All that piece or parcel of land situated in the city of Sydney etc., containing, and comprising the strip two feet wide reserved at the southern extremey of Terry-place now called Angel Place, in the subdivision of allotment 22B of section 37, grant to the executors and trustees of the late Samuel Terry: Commencing at the SE corner of land now under certificate of title, volume one, folio 58, Lands Title Office, being also the SE corner of lot 9 of the subdivision aforesaid etc.


 NSW Dept of  Lands MN05-14029902- showing Martin Place, the GPO, Angel Place and Martin Lane (dividing Allotments 22A and 22B), between George St and Pitt St

  Lands Title Office- Registrar Generals Dept Map DP61607 dated 24 November 1889
showing Allotments 22A and 22B (Butler's property) divided by Martin Lane, renamed Angel Place.

The following description of Samuel Terry’s property came from the book “Samuel Terry ” by G. M. Dow, and confirms that Laurence’s Pitt street property is now on the neighbouring properties to Martin Place, intersected by Angel Place previously known as Martin Lane.
“(The Terry’s) land, on the west side of Pitt Street, was an irregular lot running west to the Tank Stream for 133 feet on the one side and 154 on the other. Its frontage of 142 feet ran south to be bounded by what is now Martin Place.
In the 1860’s the Government sought to give the General Post Office a northern frontage (along what is now Martin Place) and to build a thoroughfare running between George Street and Pitt Streets. The only access to the Post Office was from an 82 foot frontage onto George Street. Esther Hughes (Terry’s step-daughter) and other Terry heirs owned the land North of the Post Office from the Tank Stream to Pitt Street. In 1865 the Government bought 31 ¼ perches of that land for £2900. Esther Hughes owned the land north of the Post Office from the Tank Stream to George Street. In the same year, 1865, she sold apportion of it (10 ¼ perches) for £1600. The land was only 16 feet wide. The Government added 16 feet from the Post Office land thus making 32 feet available for a colonnade or arcade along the north side and a 22 ft thoroughfare. An agreement was drawn up between Her Majesty and Esther Hughes to ‘keep open a roadway or passage to be used by foot passengers and by horses and vehicles connected with the General Post Office. Today’s Martin Place began from the thoroughfare that resulted from the purchase of Esther Hughes’s land and the new GPO opened in 1874. Angel Place is now on the site of the old Terry house and a plaque outside on Pitt Street records the Terry origins.” [xix]

Rosetta Marsh had been granted a 14 year lease for land in Pitt Street in 1804 [xx]. Properties in Sydney in those days remained the property of the Crown, and were granted to residents as long term leases, usually 14 years. Advertisements for Houses for sale, often highlighted that there was a considerable time left on the lease, eg. Ten years left on a 14 year lease.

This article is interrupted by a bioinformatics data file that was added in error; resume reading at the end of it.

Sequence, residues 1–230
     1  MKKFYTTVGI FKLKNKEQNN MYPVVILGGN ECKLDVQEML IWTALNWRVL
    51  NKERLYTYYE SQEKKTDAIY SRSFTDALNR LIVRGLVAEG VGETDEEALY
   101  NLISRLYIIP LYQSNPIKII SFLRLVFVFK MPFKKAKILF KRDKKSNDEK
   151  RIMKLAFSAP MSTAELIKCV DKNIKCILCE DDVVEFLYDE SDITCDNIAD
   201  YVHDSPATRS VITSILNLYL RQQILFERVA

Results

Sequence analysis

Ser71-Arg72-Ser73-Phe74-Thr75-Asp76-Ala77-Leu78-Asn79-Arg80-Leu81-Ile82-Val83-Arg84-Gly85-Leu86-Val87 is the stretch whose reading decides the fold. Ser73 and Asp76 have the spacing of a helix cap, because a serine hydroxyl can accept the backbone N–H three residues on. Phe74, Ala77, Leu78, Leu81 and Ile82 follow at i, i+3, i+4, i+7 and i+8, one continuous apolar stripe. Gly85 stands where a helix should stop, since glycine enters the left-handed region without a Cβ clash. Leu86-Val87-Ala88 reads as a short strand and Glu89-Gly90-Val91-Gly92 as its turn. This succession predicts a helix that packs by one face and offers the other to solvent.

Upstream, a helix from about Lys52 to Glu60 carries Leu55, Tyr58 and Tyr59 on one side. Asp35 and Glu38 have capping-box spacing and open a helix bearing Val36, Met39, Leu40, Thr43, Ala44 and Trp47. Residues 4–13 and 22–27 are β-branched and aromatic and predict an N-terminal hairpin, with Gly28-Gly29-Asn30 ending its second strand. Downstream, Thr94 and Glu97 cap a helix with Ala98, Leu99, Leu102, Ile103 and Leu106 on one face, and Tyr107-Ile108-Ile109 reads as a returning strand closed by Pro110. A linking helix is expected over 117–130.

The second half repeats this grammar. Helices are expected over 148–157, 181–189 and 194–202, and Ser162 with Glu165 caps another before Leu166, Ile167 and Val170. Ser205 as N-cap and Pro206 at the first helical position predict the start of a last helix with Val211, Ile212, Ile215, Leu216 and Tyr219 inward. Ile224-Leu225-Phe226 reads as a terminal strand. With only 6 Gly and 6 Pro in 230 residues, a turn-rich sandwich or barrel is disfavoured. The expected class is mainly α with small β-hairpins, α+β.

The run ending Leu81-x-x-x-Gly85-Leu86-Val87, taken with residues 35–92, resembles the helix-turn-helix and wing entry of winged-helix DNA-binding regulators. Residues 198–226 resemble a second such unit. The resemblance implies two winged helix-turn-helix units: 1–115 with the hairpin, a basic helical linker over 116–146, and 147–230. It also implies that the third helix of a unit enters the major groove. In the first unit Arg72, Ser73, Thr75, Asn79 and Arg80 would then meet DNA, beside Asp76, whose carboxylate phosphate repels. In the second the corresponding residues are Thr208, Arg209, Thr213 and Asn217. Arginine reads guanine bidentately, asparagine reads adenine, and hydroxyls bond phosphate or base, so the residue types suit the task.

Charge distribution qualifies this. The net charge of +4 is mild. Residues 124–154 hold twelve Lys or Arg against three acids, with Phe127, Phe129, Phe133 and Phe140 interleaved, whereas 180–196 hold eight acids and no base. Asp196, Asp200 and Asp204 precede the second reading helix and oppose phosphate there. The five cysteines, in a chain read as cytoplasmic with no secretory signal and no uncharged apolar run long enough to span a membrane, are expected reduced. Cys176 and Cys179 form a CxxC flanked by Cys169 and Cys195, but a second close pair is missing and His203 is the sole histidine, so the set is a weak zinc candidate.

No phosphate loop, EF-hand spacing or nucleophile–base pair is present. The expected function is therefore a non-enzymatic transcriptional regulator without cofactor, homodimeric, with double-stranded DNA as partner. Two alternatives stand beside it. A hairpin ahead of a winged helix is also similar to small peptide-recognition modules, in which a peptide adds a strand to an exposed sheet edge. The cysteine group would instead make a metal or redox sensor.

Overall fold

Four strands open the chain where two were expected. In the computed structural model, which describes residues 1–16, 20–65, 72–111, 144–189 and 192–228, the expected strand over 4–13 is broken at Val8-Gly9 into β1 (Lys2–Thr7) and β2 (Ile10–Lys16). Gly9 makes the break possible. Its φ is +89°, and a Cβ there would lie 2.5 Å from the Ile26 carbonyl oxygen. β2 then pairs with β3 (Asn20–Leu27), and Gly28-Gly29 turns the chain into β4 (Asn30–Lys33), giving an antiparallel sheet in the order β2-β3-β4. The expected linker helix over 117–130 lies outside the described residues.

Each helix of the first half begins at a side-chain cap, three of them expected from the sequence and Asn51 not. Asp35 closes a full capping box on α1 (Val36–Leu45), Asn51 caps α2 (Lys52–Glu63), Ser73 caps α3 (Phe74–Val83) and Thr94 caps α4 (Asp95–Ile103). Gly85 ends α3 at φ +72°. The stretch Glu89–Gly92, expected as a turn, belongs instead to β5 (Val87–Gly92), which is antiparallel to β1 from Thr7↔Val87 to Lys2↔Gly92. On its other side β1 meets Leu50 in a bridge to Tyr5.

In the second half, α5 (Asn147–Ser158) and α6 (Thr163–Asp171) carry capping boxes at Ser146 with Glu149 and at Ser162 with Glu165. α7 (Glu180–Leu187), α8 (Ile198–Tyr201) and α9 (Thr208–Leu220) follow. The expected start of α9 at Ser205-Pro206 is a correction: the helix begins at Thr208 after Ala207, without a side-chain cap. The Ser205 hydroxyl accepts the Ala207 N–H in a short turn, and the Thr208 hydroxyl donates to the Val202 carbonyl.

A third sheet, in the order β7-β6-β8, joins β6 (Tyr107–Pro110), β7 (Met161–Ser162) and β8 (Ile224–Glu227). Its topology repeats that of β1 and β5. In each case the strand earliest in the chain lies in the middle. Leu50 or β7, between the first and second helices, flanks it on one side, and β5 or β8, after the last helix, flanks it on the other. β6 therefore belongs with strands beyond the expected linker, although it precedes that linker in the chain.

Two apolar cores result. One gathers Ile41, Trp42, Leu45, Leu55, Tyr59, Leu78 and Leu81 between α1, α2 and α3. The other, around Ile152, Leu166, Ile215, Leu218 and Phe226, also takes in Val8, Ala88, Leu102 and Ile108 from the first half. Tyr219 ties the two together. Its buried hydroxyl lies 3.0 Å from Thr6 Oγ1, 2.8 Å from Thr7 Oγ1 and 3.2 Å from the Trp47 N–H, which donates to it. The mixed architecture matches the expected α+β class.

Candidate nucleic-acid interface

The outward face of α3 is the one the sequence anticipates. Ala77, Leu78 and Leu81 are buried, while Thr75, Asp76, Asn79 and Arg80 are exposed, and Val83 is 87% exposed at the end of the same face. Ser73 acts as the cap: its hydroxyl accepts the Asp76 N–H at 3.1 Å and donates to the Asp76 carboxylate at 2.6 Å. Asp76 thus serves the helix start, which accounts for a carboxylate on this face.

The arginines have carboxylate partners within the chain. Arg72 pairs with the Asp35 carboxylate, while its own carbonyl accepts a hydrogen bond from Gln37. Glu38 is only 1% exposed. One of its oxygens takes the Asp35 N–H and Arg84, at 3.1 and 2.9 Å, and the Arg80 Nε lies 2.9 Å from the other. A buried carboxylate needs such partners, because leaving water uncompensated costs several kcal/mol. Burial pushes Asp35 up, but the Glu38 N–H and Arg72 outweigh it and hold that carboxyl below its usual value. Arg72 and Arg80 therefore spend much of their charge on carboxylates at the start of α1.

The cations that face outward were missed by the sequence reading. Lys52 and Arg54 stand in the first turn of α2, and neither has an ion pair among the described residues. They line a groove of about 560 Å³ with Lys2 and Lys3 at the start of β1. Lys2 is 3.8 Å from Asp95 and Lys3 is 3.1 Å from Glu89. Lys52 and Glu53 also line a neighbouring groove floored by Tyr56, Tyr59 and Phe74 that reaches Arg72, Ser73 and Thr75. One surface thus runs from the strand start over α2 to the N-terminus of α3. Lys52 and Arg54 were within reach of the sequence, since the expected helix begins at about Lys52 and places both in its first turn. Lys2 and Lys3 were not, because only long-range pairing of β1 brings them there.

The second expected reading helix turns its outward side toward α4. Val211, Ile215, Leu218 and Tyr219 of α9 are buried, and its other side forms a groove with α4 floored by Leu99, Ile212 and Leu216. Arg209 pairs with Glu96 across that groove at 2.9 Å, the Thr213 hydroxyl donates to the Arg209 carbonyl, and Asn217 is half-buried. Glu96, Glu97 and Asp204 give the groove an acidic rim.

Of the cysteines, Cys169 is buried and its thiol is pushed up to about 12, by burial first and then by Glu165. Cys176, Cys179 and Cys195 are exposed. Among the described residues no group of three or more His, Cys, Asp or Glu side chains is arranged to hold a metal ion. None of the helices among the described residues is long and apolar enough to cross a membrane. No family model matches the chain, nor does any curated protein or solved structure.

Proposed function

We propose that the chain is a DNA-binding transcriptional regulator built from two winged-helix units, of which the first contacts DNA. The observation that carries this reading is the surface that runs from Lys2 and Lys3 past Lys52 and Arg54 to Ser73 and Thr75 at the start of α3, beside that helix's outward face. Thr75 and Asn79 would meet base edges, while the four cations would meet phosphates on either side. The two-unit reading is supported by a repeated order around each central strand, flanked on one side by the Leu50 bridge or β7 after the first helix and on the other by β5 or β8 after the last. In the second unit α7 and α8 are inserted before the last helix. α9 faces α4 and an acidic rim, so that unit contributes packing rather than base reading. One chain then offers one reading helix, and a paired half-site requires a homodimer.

In 1810, Rosetta married emancipist Samuel Terry (who became one of the richest men in the Colony, worth around £200,000- in the book “The All Time Australian 200 Rich List” compiled by William D. Rubinstein, Samuel Terry, who died in 1838, is listed as Australia’s all-time richest citizen, and his estate in 2004 would have been worth $24.37 billion and 3.395% of GDP [xxi]). Terry took up residence with Rosetta in her Pitt Street home, which was two blocks up from Laurence’s home. Samuel Terry was granted the allotment of land in 1817, ie Number 22, on condition that a two- story house measuring at least 50 feet by 16 feet was built [xxii]. Terry built a larger two story house on the Tank Stream property where Angel Place is now situated. Paul McGuire’s book “Inns of Australia”, described: “The Terry’s built on Rosetta’s lease a formidable mansion composed in a hollow square, with stables, coach house, servant’s quarters, and a celebrated pigeon loft in the yard.”[xxiii]

The building and entrance to Angel Place, now sitting on
Laurence Butler's Pitt Street properties. (2012)

Angel Place off Pitt Street

The 'birdcages' display hanging above Angel Place 2012

Description of the Streets of Old Sydney- Old Pitt Row

In 1882, the Sydney Morning Herald began a series of articles on Old and New Sydney, written by an old resident, Obed West, born in Pitt Street in 1807. 

1836 Map of Sydney- * marks Butler's property-     NORTH ---->

Obed West recalls the residents who were living in Pitt Street as he knew it about 1816 or 1817:
"I remember my father's cottage and where it stood on the western side of Pitt Row, about half way between King Street and what became Martin Place. I can recall many of our neighbours of the time. On the one side there were Mrs Dean; Joseph Inch with his two-storied dwelling house combined with a general store; Dr White; and last before the extension of the Post Office now going on, a house occupied by a person named Kearns who carried on a dual business of butcher and publican. He called his hotel 'The Faithful Irishman'...
In the opposite direction, our next-door neighbour was Mr Holdness who, like many people, had  a garden in front of his cottage. Unfortunately, this was later to be the scene of his own cruel murder, at his very door. I believe the murderers were two army officers but I forget the details.